10. A unit according to claim 1 wherein said stackable unit includes a tongue element protruding from an upper end side thereof and a groove element formed into a lower end side thereof, each groove element being adapted to receive a corresponding tongue element of a subjacent stackable unit.
11. A unit according to claim 10 wherein each said tongue element and said groove element extends from said first side plank to said second side plank.
12. A unit according to claim 1 wherein each said stud longitudinal section is spaced from the first and second planks.
13. A unit according to claim 1 wherein said space barrier is a stud end side extension member connecting to an end side of said stud longitudinal section, said extension member having a thickness substantially an order of magnitude smaller than a thickness of said stud longitudinal section.
14. A unit according to claim 12 wherein said space barrier is a generally narrowing down side section of an end side of said stud longitudinal section.
15. A unit according to claim 12 wherein said space barrier is a stud end side extension member connecting to an end side of said stud longitudinal section, said extension member having a thickness substantially an order of magnitude smaller than a thickness of said stud longitudinal section.
16. A unit according to claim 1 wherein the stud longitudinal sections are generally equally spaced apart along the stackable unit.
Description
CROSS REFERENCE TO RELATED APPLICATIONS

The present application is a continuation-in-part (C.I.P.) of application Ser. No. 11/485,256, filed on Jul. 13, 2006 now abandoned, which claimed benefit of U.S. Provisional Applications for Patent Ser. No. 60/700,723, filed on Jul. 20, 2005, and Ser. No. 60/733,171, filed on Nov. 4, 2005.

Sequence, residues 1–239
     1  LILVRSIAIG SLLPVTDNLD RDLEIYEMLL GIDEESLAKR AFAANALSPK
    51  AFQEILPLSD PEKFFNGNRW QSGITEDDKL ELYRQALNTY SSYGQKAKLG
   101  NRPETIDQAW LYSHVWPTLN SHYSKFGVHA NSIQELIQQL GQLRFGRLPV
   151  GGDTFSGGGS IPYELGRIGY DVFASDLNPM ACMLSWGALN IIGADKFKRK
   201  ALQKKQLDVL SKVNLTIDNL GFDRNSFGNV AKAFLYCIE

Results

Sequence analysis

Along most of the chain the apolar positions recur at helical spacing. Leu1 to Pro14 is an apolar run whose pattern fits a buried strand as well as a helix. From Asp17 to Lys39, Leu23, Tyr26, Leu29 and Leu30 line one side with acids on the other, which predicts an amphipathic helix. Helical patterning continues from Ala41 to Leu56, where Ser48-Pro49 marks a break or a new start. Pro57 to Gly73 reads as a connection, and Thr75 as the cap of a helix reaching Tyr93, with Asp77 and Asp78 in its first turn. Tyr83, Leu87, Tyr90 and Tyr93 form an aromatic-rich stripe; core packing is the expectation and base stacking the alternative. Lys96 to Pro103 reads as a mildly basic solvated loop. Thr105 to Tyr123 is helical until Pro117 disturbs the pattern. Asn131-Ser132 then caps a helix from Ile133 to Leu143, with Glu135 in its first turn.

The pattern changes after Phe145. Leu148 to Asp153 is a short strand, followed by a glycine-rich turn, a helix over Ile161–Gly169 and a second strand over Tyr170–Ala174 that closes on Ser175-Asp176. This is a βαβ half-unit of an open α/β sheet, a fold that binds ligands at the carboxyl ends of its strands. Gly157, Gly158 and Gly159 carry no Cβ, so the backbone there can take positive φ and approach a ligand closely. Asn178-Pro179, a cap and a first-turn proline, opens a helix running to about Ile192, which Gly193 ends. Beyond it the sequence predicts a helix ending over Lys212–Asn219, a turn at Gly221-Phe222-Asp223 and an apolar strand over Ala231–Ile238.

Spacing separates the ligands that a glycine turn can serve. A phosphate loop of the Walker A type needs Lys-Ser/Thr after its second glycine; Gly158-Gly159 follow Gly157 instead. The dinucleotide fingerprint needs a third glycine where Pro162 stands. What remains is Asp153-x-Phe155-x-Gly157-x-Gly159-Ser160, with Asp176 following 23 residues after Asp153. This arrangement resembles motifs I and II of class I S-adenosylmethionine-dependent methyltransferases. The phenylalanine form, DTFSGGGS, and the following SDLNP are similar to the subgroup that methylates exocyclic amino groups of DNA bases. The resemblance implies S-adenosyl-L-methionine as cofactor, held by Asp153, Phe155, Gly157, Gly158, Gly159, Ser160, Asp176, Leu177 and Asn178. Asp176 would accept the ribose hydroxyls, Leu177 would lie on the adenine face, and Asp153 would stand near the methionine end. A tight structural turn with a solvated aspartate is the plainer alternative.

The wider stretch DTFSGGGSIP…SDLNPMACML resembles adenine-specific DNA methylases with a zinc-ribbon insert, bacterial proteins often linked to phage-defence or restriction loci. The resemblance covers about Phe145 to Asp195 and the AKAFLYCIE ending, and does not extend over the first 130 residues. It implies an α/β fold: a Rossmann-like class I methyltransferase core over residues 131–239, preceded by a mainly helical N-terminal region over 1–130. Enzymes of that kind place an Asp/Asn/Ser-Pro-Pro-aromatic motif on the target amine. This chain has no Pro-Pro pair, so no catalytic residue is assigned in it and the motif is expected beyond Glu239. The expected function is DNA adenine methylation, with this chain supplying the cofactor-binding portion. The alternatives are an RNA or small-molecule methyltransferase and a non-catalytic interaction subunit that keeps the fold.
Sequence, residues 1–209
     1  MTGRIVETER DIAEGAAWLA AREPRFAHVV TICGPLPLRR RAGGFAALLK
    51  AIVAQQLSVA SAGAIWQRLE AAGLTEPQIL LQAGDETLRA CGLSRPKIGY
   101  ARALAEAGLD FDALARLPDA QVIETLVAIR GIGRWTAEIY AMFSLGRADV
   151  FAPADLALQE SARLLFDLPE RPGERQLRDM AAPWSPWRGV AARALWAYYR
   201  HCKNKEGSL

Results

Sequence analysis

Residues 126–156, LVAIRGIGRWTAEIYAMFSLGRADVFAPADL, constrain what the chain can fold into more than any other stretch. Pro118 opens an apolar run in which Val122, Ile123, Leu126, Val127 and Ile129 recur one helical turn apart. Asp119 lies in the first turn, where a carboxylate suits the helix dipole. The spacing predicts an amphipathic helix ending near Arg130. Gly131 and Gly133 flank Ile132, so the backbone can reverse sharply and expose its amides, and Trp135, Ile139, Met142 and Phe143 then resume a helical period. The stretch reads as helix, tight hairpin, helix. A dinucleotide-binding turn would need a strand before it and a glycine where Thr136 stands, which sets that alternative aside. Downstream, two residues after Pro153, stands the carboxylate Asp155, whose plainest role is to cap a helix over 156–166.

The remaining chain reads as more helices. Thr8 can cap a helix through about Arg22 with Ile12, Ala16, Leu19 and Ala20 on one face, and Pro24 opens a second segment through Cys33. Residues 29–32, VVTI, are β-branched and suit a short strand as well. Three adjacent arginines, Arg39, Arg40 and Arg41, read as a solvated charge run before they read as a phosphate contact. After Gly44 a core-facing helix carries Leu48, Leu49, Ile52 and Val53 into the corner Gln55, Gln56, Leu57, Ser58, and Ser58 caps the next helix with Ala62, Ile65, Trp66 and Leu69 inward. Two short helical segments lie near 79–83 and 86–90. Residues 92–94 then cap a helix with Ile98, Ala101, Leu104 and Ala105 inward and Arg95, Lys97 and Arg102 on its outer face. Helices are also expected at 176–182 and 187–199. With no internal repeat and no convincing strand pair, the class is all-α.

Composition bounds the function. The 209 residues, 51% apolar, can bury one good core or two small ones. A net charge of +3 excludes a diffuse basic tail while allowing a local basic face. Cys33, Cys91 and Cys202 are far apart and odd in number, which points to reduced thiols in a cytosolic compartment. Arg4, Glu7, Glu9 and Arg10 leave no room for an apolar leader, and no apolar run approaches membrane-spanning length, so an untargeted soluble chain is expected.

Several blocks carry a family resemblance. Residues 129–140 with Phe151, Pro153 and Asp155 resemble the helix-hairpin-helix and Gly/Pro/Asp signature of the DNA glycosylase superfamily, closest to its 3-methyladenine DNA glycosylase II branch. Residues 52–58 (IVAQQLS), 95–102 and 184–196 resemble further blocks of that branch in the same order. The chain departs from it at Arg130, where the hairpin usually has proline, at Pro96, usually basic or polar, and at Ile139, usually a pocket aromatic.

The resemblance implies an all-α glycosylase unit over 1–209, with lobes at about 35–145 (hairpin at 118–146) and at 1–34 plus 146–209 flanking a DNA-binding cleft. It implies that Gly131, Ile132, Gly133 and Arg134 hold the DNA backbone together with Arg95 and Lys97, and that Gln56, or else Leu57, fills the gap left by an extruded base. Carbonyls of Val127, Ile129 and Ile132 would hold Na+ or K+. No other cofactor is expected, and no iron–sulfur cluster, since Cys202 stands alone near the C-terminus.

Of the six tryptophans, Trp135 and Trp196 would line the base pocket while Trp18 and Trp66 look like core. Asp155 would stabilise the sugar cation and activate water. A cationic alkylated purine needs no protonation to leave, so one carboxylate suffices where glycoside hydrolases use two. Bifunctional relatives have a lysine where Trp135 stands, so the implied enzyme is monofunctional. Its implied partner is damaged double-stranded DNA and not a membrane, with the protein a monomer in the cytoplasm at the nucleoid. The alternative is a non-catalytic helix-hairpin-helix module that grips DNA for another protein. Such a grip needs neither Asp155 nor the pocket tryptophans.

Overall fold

FIELD OF THE INVENTION

The present invention relates to a wall building construction unit and methods and is more particularly concerned with a prefabricated insulated and stackable element, and method of fabrication thereof.

BACKGROUND OF THE INVENTION

It is well known in the art to build wooden frameworks for housing walls. An insulating core is then usually inserted in-between the studs and lintels or headers and closed with facing panels. This standard operation can be time consuming and have considerable effects in areas where the residential building period is constrained to a few months of the year due to for example a harsh winter climate.

Numerous construction elements have been proposed for wall construction such as in the following documents:

    • U.S. Pat. No. 2,902,733 granted to Justus on Sep. 8, 1959 for a “Corner Construction for Sawed Timber Walls”;
    • U.S. Pat. No. 3,552,079 granted to Mortensen on Jan. 5, 1971 for a “Laminated Tongue and Groove Building Element”;
    • U.S. Pat. No. 3,742,665 granted to Henry et al. on Jul. 3, 1973 for a “Modular Building Construction”;
    • U.S. Pat. No. 4,344,263 granted to Farmont on Aug. 17, 1982 for a “Building Log with High Thermal Insulation Characteristics”;
    • U.S. Pat. No. 4,503,648 granted to Mahaffey on Mar. 12, 1985 for a “Lightweight Composite Building Module”;
    • U.S. Pat. No. 4,614,071 granted to Sams et al. on Sep. 30, 1986 for “Building Blocks”;
    • U.S. Pat. No. 4,937,122 granted to Talbert on Jun. 26, 1990 for an “Insulated Construction Element”; and
    • U.S. Pat. No. 6,000,177 granted to Davidson on Dec. 14, 1999 for a “Building Structure Having the Appearance of a Log Structure”.

All the above lack either a provision for an insulated section in the stacking panel; an insulated element with passageways for permanently receiving longitudinal sections of conventional approved wooden studs, approved and even required by most territorial or state building codes, forming a self-supporting wall structure, especially for external walls (thereby putting the load-bearing constraints on the stacking wall sections which is not regulated or preferred in building construction).

Accordingly, there is a need for an improved log, member or unit for wall construction with a simple configuration, and a method of fabrication of the log unit.

SUMMARY OF THE INVENTION

It is therefore a general object of the present invention to provide an improved unit for wall construction, and a method of fabrication thereof.

An advantage of the present invention is that the unit for wall construction is insulated and can be easily mounted on a subjacent unit with the stud longitudinal sections providing the structural support approved for load-bearings under construction codes.

Another advantage of the present invention is that the unit for wall construction could be prefabricated at another location than the wall construction site.